David H. Burr. “The United States of Mexico.” From A New Universal Atlas.
New York: D.H. Burr, [Feb. 16, 1832]-1835.12 1/2 x 10 1/4. Engraving by Illman & Pilbrow. Full original color. Very good condition.
An excellent map of the southwestern part of North America, along with Central America, by David H. Burr, one of the most important American cartographers of the first part of the nineteenth century. Having studied under Simeon DeWitt, Burr produced the second state atlas issued in the United States, of New York in 1829. He was then appointed to be geographer for the U.S. Post Office and later geographer to the House of Representatives. This is his map of Mexico–including Texas and today’s southwestern United States–and Central America.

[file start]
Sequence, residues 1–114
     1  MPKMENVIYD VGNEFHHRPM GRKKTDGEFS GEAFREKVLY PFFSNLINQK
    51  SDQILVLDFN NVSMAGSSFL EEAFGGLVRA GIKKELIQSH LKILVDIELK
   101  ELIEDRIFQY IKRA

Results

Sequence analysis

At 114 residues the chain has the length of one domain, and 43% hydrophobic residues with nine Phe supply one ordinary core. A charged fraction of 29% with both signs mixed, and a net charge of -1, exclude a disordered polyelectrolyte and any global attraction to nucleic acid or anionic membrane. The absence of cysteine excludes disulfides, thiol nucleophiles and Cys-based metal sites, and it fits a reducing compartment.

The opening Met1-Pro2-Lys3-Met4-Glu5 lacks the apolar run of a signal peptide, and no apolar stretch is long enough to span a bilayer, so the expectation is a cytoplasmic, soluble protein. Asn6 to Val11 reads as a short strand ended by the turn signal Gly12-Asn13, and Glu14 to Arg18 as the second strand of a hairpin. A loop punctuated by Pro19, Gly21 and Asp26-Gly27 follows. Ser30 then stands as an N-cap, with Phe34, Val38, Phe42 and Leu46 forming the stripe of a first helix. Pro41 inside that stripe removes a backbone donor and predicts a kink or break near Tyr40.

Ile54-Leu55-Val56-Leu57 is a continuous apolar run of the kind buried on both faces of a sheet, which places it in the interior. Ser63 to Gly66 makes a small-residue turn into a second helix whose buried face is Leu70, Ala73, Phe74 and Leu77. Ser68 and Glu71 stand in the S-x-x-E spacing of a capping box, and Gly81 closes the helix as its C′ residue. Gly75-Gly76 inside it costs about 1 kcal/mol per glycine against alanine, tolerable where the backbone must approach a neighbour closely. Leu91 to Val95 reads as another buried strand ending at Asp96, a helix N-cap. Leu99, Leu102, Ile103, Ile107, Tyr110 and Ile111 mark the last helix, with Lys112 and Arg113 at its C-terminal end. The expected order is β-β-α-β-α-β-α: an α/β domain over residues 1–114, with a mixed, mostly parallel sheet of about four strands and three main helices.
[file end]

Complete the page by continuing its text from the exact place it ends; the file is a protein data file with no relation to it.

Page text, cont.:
This map was finished in 1832, but published as part of Burr’s atlas just a year before Texas declared its independence. The map thus shows Mexico just Texas broken off, and indeed just over a decade before it lost its entire northern section, becoming today’s American southwest. Stephen F. Austin had received a grant to settle in Texas in 1823 and more and more Americans moved into the area until in 1830 the Mexican government forbade further emigration into Texas from the United States. Relations between the Americans in Texas and Mexico deteriorated and in June 1832—just after this map was printed—the first fighting broke out at the Battle of Velasco. This map shows early settlements in Texas, including San Felippe de Austin, S. Antonio, la Trinity, Ft. del Altar, Espada, Lagunilla, Matagordia, Brazoria, and Nacadoches. The settlements of New Mexico, including Taos, Santa Fe and Albuquerque are show and the information in the inset map of South America (“Guatemala or the United Provinces of Central America”) is also very good.